Zurich airport’s PassengerBagdrop, developed by Swissport and SITA and launched at the beginning of this year, is a real life example of the common bag drop’s potential for greater interoperability and cost sharing between multiple airlines. Developed for use between the 11 carriers in the Star Alliance, it appears to be a major step in the right direction, highlighting a way forward in making better use of airport spacing and staffing arrangements and reducing overall transaction times.
The software enables passengers from any airline in the Star Alliance to be processed in the same queue – with any combination of departure control hosts able to run from a single bag drop counter. The Star Alliance uses just one host, highlighting the possibilities of the technology for driving efficiencies. According to Rico Barandun, Swissport’s head of e-services, Zurich’s PassengerBagdrop has achieved a throughput increase of 50% since becoming operational – a sign that airline alliances could continue the trend.
Developments in other self-service check-in processes, including self-bag tagging, are likely to facilitate the common bag drop process, which IATA is addressing. “Bags ready to go is an important part of our Fast Travel initiative, comprising two specific parts: self-tagging and bag drop – whether dedicated or common-use. We are focusing on a standard for the common bag drop, which we will present in October – these are not mandatory but will be recommended practices for airlines,” explained IATA’s Paul Behan.
However, developing a definitive common standard poses wider, complex challenges, particularly where different airline methods of revenue collection must be accommodated. “Bag drops, especially common use set ups must be flexible to support individual airline business rules, including weight restrictions and excess baggage. If an application can handle this, a common-use set up is much more feasible,” said Mark Stokes, director of IT, Brock Solutions, whose first common bag drop solution has been operational for four years at Montréal-Trudeau airport. Named ‘SmartDrop’, the original version serves WestJet and Air Canada passengers. It’s the only US solution that has received approval by the TSA for trans-border use, with further deployments in Vancouver’s domestic terminal and London Heathrow for flights to Canada. Both are approved by the UK DfT (Department for Transport) and Transport Canada.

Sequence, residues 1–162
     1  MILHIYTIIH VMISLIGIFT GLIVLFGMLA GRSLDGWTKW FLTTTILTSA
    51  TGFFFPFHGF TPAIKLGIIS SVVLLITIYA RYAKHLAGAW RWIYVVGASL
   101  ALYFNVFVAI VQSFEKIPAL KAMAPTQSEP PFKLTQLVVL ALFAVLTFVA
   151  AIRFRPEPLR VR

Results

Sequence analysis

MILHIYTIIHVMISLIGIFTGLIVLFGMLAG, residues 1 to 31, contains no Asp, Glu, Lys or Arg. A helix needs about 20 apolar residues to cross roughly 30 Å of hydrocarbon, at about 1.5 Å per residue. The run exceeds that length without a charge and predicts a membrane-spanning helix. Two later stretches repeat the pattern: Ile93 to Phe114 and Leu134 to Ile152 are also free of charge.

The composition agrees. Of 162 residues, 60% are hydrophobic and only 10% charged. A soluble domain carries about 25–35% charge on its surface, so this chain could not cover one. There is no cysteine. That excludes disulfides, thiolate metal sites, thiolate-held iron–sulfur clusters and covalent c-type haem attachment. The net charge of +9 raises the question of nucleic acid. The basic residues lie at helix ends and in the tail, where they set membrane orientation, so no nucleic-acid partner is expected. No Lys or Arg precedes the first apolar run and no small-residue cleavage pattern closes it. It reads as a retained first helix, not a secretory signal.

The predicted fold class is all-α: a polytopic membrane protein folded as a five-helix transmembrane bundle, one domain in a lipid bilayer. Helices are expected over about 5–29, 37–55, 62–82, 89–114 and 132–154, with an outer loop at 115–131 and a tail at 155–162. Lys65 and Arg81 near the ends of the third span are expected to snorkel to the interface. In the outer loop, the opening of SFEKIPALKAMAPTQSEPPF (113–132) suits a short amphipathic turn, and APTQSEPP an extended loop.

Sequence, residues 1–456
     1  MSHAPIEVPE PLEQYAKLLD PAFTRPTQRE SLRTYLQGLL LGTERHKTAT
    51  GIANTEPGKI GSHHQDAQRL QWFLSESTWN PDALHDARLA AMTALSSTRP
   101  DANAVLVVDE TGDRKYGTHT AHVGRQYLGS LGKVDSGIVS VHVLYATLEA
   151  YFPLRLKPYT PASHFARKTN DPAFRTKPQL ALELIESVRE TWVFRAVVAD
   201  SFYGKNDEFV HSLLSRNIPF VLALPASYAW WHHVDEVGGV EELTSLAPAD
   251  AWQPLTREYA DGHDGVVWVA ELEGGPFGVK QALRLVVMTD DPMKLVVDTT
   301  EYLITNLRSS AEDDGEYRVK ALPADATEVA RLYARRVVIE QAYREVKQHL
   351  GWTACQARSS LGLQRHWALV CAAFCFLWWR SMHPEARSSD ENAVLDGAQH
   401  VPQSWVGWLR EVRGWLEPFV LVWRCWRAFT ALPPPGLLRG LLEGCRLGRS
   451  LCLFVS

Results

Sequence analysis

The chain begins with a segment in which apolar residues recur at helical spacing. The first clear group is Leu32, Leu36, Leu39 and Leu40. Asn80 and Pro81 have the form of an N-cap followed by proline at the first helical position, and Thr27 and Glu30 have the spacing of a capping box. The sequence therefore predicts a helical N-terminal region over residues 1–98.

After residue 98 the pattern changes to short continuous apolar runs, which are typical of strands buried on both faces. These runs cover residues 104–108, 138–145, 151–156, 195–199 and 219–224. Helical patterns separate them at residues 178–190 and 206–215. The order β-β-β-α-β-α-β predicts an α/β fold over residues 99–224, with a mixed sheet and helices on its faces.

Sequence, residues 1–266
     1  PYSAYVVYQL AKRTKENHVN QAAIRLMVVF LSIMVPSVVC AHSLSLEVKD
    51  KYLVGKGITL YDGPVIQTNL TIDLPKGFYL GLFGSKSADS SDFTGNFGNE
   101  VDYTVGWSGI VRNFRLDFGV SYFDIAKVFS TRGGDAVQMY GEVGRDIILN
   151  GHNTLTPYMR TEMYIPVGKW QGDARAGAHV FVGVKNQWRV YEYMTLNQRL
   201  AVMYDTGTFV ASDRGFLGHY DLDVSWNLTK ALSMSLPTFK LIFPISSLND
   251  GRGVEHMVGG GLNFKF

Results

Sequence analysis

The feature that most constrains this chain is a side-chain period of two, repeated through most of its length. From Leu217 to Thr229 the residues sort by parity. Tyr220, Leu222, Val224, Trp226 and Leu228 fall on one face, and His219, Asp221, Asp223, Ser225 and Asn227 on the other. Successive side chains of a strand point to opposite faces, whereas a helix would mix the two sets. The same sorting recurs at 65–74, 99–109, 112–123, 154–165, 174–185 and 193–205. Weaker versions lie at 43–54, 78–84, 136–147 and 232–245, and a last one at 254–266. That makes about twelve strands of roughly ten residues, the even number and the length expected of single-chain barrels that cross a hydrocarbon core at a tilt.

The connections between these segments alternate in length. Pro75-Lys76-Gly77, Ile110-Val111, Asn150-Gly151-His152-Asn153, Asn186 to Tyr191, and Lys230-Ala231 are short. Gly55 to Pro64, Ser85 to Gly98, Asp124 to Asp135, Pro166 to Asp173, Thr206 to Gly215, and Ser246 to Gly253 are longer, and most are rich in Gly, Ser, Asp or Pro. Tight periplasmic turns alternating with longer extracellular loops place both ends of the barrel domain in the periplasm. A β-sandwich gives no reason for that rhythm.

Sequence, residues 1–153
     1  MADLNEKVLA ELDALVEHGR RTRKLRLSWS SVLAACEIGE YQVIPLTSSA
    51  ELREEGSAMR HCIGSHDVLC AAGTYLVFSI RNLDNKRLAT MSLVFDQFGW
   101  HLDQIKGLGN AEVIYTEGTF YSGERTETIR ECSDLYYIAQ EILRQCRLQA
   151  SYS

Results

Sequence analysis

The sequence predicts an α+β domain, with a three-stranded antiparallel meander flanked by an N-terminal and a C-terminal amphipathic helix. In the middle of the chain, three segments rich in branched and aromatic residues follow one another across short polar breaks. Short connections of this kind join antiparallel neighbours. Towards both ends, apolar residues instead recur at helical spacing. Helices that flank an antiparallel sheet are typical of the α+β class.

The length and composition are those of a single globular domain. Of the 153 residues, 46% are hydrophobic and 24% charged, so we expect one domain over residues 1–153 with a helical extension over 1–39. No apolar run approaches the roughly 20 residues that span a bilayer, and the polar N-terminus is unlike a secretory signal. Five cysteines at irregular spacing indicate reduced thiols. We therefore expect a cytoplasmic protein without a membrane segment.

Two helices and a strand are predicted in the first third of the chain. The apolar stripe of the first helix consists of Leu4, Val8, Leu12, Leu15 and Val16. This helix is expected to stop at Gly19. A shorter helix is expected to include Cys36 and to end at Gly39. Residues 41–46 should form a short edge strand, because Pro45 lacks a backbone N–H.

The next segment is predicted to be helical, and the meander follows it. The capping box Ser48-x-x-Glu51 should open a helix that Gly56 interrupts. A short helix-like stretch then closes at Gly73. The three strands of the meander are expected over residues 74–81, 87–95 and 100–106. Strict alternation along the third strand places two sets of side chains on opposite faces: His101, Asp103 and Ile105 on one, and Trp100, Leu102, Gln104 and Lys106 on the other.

In a further development, earlier this month, the latest version of the SmartDrop system, which is currently used by Air Canada in a dedicated mode at Vancouver and Toronto airports, has been extended to customers departing London Heathrow. An upgrade was carried out in collaboration with BAA in early June, leaving other airlines open to using the older version as a common bag drop or in a dedicated mode. Where passengers self-tag their own bags, they will need to use a SmartDrop desk as SmartDrop performs the necessary bag activation.
Stokes added. “I suspect that in airports where there is a large presence of a carrier that we will always see a more dedicated bag drop environment, most likely using common facilities in a dedicated mode not unlike the CUTE counter equipment environment.”
Retaining brand identity
Common bag drop applications don’t naturally lend themselves well to non-alliance airlines – particularly legacy carriers, Stokes explained. “Branding is a huge issue among airlines, especially in their hub airports. With a common-use setup, this will tend to work in an alliance situation. We have also seen a desire from airlines with a large presence at an airport to want to deploy a bag drop using a common platform, but in a dedicated fashion for as long as the airline is operating in that space,” said Stokes.
‘True’ commonality will be achieved more quickly among the smaller carriers, added Swissport’s Barandun. “Smaller airlines which don’t tend to have a separate bag drop counter will have to increase their self-service offers so that we can really move towards a true common bag drop. I think this solution will develop among airlines who don’t have the same volumes as a legacy carrier would.”
The question for legacy carriers operating under an alliance umbrella is whether a common bag drop would be viable where the airline will lose its dedicated branding.
Jamie Cassidy, British Airways’ general manager, Airline Partners, explained: “The common bag drop depends on which airport it is and how important it is to the carrier as to how an airline invests in its branding. An airline operating once a day to a leisure destination wouldn’t invest in its own branding as much as an airline with heavy business.”